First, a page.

Hostess Brands is shutting down for good, after striking bakers refused to return to work.
Hostess makes a slew of treats we all grew up with:
Ding Dongs, Ho Ho's, Sno Balls, and, of course, Twnkies.
Alison Kosik takes a look back at the iconic brand.
Following a nasty labor dispute, and almost a year in bankruptcy, hostess brands is closing its 33 bakeries, more than 500 distribution centers, and selling off its assets, putting the future of the 82-year-old Twinkie in question.
It's been a long road for the cream filled pastry - now a part of the American Lexicon.
"It's Twinkie the Kid."
The Twinkie was born in 1930 in illinois.
Inventor James Dewar was looking for a way to use the Continental Baking company's seasonal strawberry shortcake pans year-round.
He came up with a yellow sponge cake filled with banana cream.
But during World War 2, banana rationing forced the company to change to vanilla cream filling. The replacement was so popular, it never changed back.
Over the years, the Twinkie became a part of american popular culture.
In the 1950s, Howdy Doody Show" host Buffalo Bob gave an endorsement.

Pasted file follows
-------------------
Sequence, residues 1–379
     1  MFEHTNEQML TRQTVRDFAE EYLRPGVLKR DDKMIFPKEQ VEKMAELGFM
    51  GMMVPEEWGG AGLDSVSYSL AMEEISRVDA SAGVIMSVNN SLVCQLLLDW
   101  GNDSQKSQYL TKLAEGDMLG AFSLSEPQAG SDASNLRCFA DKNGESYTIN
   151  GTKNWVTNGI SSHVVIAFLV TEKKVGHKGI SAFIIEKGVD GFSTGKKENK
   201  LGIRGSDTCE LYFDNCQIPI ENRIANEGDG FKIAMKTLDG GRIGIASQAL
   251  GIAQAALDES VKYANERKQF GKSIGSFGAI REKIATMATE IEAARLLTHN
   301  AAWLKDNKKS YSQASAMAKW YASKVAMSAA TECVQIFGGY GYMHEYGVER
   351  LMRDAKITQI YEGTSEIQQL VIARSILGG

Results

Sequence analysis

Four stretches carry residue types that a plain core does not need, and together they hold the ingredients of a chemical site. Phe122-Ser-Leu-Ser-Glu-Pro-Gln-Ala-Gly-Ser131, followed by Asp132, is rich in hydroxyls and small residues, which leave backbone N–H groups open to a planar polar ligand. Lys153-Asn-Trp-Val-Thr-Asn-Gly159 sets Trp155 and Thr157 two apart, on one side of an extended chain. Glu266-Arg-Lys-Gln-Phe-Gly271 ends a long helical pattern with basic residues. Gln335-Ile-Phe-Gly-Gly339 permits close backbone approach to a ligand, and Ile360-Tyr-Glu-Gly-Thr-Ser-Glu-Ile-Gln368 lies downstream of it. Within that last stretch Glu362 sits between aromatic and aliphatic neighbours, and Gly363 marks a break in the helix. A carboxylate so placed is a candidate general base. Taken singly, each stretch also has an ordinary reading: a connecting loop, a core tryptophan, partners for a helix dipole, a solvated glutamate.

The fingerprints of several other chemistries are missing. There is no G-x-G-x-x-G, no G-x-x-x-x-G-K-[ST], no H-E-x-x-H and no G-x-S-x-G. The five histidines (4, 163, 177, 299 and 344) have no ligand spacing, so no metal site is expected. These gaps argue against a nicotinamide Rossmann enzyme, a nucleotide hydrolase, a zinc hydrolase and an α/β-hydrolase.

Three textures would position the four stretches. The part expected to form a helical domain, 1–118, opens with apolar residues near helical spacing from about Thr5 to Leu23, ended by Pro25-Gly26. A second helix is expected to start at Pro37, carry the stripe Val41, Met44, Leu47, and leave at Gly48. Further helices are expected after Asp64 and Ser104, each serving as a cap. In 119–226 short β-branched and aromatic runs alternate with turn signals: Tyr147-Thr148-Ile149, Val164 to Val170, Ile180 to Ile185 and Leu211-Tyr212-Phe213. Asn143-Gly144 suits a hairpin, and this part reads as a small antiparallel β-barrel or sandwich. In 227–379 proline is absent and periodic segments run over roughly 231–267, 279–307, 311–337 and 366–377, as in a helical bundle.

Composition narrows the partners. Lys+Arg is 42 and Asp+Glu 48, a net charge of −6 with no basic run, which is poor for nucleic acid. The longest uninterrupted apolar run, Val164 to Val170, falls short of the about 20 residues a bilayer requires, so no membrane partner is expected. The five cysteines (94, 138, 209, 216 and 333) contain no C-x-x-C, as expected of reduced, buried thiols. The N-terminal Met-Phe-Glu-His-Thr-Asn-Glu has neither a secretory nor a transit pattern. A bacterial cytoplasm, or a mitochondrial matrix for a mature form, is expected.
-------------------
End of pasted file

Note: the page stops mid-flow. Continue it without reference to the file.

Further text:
"Ala kazaam, presto, and what do we have? A Hostess Twinkie."
In the 1980s, the Ghostbusters used the Twinkie to describe the level of ghostly activity in the New York area...
"That's a big twinkie."
In the 1990's there was a presidential endorsement, as President Bill Clinton included a twinkie in the millennium time capsule.
And in the you-tube age, we've seen the twinkie put to the test...
For shelf life...
"That looks like a turd."
But now, the Twinkie needs someone to come to its rescue.
Or we'll have to say goodbye to the Twinkie for good.
Alison Kosik, CNN, New York.
Hostess will move to sell its assets to the highest bidder.
That could mean new life for some of its most popular products, including Twinkies.
Those could be scooped up at auction and attached to products from other companies.